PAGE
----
Rosetta 2 lacks support for x86 virtualization, Boot Camp not an Apple Silicon option [u]

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Mac users who rely on Windows virtualization software might be left in the lurch when Apple transitions to its own custom ARM processors later this year, as the company's Rosetta Intel-to-ARM translator does not support virtual machine apps.

Apple outlined Rosetta's — technically Rosetta 2's — limitations in a developer document posted to its website this week, noting that while it can translate "most" Intel-based apps, it is unable to do the same for virtual machine apps that handle x86_64 computer platforms. Popular x86_64 virtualization apps include products from Parallels and VMWare that virtualize Windows environments.

Rosetta is also unable to translate kernel extensions.

Unveiled during Monday's WWDC keynote, Rosetta is a key feature that will help Apple and developers transition from Intel-based Macs to hardware running ARM-based chips. The software layer translates apps that contain x86_64 instructions for Apple silicon, which uses an arm64 instruction set. Rolling out the feature now gives developers time to create a universal binary for their apps, but as Apple notes, Rosetta can run slow and is not a substitute for native apps.

In addition to Rosetta's x86 restrictions, Boot Camp will no longer be available for use on Macs powered by Apple silicon. For now, the macOS utility that enabled booting of both Windows and Mac operating systems, will remain in macOS Big Sur as an Intel-only feature. ARM Macs will not be able to access the feature and the company has not announced a replacement.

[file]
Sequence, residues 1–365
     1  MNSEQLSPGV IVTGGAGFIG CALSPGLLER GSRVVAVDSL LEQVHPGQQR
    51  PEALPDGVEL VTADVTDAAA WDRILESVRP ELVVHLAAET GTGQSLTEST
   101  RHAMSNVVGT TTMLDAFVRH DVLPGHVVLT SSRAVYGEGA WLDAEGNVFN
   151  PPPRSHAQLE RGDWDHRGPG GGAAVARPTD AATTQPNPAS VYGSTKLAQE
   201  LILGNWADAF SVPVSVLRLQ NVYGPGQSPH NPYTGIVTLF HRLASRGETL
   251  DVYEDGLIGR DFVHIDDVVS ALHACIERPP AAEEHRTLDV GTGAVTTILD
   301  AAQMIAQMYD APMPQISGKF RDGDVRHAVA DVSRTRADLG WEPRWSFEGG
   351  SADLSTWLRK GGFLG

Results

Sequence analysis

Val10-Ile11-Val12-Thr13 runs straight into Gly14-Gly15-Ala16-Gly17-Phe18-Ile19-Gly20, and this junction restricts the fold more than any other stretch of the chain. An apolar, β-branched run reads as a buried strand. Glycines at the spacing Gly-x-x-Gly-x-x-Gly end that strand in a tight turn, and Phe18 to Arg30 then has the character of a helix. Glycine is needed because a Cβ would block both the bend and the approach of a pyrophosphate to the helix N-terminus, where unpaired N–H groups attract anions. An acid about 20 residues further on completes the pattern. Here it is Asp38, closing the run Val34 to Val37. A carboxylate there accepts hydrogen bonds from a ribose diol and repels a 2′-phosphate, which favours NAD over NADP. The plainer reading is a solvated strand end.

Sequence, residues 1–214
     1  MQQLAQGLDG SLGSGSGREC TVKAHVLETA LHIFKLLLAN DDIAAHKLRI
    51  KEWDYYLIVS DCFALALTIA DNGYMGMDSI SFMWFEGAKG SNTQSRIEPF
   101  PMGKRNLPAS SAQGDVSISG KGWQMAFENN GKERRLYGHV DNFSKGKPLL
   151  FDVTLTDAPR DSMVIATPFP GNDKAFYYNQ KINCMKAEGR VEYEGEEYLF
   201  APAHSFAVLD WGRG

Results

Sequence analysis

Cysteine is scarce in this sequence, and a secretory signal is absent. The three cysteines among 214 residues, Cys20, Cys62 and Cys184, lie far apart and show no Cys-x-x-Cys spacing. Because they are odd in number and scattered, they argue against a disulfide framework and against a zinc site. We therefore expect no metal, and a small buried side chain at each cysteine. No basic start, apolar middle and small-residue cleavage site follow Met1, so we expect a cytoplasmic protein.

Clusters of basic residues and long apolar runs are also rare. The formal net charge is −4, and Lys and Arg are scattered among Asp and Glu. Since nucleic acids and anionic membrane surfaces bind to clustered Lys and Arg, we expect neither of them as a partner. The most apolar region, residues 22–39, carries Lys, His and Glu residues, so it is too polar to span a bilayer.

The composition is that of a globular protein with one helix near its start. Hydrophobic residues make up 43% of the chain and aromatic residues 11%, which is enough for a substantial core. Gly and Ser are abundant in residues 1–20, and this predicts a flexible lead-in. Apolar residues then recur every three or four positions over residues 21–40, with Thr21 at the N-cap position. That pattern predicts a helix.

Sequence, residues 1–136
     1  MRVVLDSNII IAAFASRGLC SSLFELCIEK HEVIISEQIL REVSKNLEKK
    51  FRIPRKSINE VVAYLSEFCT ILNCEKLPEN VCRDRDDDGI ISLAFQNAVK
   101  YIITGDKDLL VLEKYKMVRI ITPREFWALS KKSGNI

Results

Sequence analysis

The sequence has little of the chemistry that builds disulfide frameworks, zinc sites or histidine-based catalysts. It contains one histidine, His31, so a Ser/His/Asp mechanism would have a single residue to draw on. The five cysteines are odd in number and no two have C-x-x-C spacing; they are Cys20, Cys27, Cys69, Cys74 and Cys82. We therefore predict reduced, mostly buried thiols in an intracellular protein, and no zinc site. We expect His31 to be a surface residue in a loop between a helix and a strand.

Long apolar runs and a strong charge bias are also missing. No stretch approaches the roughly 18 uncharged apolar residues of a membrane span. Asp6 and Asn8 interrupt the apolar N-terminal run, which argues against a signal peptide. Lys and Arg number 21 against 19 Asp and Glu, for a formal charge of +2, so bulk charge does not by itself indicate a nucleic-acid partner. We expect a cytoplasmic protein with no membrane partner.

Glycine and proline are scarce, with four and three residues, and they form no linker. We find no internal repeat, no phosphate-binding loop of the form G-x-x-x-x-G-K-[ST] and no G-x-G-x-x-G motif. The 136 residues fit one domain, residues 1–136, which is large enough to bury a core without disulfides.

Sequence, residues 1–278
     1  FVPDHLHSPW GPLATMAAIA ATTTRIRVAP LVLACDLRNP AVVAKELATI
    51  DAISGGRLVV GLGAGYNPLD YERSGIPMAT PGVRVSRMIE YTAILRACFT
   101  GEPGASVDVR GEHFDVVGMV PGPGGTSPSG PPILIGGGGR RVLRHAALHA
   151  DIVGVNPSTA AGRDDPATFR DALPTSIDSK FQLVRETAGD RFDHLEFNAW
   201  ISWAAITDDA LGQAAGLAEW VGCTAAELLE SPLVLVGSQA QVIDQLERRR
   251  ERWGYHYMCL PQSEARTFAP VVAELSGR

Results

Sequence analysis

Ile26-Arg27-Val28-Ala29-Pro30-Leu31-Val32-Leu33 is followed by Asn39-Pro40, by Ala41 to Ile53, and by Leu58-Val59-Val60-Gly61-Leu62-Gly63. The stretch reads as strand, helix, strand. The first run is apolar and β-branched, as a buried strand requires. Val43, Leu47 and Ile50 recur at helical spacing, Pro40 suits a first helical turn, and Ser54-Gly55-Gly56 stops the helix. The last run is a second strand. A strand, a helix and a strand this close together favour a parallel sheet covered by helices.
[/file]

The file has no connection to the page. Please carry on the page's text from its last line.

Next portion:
The transition to Apple silicon is expected to take about two years. Whether virtualization companies are working on a solution for ARM chips remains unknown, though VMWare on Tuesday said a Big Sur-compatible "tech preview" of Fusion will arrive in July.

Apple this week opened the Universal App Quick Start Program to get Developer Transition Kits in developer hands. The kits, which include a Mac mini running an A12Z Bionic SoC, will allow developers to build and test their wares prior to the release of the first ARM Macs later this year.

Update 6/24: Microsoft commented on the development in a statement to The Verge.

"Microsoft only licenses Windows 10 on ARM to OEMs," a company spokesperson said. When asked whether Microsoft plans to update the policy to account for Boot Camp's incompatibility with Apple silicon, the company said, "We have nothing further to share at this time."

 

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